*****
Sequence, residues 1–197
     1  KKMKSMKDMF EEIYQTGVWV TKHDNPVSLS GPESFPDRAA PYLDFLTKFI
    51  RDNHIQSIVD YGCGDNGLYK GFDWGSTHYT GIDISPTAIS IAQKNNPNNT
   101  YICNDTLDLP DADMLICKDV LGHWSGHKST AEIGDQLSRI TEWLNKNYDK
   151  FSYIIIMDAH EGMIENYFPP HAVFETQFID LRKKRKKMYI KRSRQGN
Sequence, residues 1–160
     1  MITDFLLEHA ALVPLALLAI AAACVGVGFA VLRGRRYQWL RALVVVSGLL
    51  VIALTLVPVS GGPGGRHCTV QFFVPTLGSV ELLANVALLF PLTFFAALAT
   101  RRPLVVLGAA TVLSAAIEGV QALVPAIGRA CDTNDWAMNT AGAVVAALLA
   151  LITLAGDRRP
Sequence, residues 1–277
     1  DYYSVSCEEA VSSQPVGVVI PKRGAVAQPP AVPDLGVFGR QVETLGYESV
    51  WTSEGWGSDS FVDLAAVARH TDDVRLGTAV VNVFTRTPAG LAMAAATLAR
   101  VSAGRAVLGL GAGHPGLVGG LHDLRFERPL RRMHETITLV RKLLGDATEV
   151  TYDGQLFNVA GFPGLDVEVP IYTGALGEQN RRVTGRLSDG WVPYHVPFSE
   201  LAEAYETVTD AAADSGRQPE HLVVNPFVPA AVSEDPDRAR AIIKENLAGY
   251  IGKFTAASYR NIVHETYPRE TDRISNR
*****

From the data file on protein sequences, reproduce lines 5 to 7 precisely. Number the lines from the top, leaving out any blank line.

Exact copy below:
   151  FSYIIIMDAH EGMIENYFPP HAVFETQFID LRKKRKKMYI KRSRQGN
Sequence, residues 1–160
     1  MITDFLLEHA ALVPLALLAI AAACVGVGFA VLRGRRYQWL RALVVVSGLL